Antidepressants help with treatment of depression, study finds

  • Antidepressants help with treatment of depression, study finds

Antidepressants help with treatment of depression, study finds

In total, researchers included 522 trials comprising 116,477 participants in their study.

Prof Pariante said this type of study can not account for individual differences in response to medication, and "we still need to understand why some antidepressants work better than others, even within classes of drugs that supposedly have the same pharmacological actions".

Antidepressants are a controversial topic.

Antidepressants have been approved by the US Food and Drug Administration (and comparable regulatory agencies in other countries) and prescribed by medical professionals for decades.

The debate over antidepressants has unfortunately often been ideological, said Cipriani. This is where this new study steps in, attempting to draw conclusions about the overall efficiency of antidepressants. By clarifying which antidepressants are most effective, and which ones patients find easiest to take, this new work will greatly help clinicians and patients in those decisions'. However, there was a big variability in how well they fared.

The researchers found that all antidepressants were more effective than placebo in terms of efficacy, with odds ratios ranging from 2.13 for amitriptyline to 1.37 for reboxetine.

The study did, however, discover significant variations in the level of effectiveness and side effects caused by different pills.

However, some are more effective than others, with agomelatine, amitriptyline, escitalopram, mirtazapine, paroxetine, venlafaxine and vortioxetine proving most effective, and fluoxetine, fluvoxamine, reboxetine and trazodone the least effective.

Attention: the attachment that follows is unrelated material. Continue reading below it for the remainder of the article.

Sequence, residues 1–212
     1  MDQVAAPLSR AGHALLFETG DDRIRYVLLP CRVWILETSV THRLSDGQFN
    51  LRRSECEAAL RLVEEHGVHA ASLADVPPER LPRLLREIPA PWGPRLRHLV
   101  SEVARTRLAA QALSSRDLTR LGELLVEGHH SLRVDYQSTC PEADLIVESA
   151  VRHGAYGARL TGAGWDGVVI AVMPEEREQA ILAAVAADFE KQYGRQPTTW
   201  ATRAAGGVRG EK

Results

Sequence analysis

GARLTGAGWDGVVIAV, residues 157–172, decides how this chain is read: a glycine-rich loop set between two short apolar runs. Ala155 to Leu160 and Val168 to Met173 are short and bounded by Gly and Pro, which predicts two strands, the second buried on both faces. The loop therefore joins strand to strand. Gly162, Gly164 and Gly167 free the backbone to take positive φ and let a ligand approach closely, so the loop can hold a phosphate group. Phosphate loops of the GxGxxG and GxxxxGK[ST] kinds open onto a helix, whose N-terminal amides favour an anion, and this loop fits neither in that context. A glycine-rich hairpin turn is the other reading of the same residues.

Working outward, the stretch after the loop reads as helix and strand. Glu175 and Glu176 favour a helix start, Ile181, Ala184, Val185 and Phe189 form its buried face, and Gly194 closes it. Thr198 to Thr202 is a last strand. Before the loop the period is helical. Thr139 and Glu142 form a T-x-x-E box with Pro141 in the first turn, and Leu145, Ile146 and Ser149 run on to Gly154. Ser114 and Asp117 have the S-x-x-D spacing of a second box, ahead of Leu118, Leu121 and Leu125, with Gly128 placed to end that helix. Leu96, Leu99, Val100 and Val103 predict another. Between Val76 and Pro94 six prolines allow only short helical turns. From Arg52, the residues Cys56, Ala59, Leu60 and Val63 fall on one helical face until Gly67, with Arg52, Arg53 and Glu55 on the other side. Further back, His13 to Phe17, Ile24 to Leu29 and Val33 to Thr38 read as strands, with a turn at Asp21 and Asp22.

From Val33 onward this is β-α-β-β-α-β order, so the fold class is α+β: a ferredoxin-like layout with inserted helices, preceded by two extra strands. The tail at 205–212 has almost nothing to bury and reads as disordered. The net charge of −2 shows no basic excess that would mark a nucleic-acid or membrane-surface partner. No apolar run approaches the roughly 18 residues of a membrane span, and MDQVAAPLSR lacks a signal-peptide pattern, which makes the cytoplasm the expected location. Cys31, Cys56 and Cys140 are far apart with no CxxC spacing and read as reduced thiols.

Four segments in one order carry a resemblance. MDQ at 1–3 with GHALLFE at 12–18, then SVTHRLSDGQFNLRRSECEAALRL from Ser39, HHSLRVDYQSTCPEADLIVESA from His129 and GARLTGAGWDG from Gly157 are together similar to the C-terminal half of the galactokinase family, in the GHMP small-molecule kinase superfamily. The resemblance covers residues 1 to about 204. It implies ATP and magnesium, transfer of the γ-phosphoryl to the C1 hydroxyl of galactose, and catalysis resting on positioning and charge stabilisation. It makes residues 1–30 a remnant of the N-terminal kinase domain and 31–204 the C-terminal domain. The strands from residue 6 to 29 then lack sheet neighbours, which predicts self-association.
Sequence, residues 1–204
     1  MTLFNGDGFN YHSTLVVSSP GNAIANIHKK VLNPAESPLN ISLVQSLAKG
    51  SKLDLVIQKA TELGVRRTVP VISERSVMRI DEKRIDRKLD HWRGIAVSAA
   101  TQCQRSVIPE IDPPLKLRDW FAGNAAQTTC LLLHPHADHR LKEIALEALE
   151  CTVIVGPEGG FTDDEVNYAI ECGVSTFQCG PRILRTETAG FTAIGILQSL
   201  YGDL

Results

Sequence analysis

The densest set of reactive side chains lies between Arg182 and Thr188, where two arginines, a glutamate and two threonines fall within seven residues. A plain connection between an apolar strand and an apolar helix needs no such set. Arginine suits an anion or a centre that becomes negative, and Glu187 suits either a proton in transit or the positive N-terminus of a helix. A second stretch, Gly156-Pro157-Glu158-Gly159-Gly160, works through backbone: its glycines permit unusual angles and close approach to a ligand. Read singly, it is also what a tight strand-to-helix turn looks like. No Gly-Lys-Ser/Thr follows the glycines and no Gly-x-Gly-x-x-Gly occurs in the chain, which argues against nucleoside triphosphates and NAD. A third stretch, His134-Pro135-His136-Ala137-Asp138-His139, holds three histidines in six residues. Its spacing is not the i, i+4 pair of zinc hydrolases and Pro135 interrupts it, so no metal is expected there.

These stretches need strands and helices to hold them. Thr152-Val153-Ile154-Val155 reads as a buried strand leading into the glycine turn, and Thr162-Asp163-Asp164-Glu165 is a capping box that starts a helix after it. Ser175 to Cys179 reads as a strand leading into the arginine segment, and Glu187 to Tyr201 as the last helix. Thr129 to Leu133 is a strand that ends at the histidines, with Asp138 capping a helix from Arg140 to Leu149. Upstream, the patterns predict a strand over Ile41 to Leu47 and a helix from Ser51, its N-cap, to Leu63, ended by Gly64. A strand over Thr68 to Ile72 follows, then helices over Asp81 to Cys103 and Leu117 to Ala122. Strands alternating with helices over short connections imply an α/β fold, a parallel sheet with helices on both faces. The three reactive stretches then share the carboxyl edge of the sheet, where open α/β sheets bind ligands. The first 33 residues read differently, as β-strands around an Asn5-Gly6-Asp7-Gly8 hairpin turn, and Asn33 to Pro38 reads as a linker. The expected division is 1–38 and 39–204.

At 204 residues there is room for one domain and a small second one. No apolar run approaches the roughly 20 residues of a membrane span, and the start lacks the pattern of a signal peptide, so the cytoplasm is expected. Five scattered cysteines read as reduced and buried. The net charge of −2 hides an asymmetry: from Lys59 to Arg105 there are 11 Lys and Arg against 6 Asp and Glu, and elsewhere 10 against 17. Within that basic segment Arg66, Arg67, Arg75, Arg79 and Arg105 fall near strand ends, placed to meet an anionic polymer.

The importance of addressing depression can not be overstated. "The large amount of data allowed more conclusive inferences and gave the opportunity also to explore potential biases", says co-author Professor John Ioannidis, from the Departments of Medicine, Health Research and Policy, Biomedical Data Science, and Statistics, Stanford University, USA. It affects around 350 million people worldwide and instances rose nearly 20% from 2005-2015. And, though the meta-analysis is strong, this paper is unlikely to conclusively end the debate over the efficacy of antidepressants. Among the trials, 9 percent were rated as having high risk of bias, 78 percent as having moderate risk of bias and 18 percent as having low risk of bias.

Furthermore, several previous trials have cast serious doubts on antidepressants (at least some of them).

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. Through the Freedom of Information Act, the FDA demands pharmaceutical companies provide data on all the clinical trials they sponsor - including unpublished trials.

We were open to any result.

The findings contrast with a similar analysis in children and adolescents, which concludes that fluoxetine is probably the only antidepressant that is helpful for this age group. There have been studies which found that the effectiveness of antidepressants decreases over longer periods of time.

David Taylor, Professor of Psychopharmacology, King's College London pointed out that the most effective antidepressant found is amitriptyline - an antidepressant first found in the 1950s.

The researchers conducted a network meta-analysis and systematic review of all double-blind, randomized controlled trials that compared antidepressants with placebo, or with another antidepressant, for the acute treatment of adults with major depressive disorder over 8 weeks.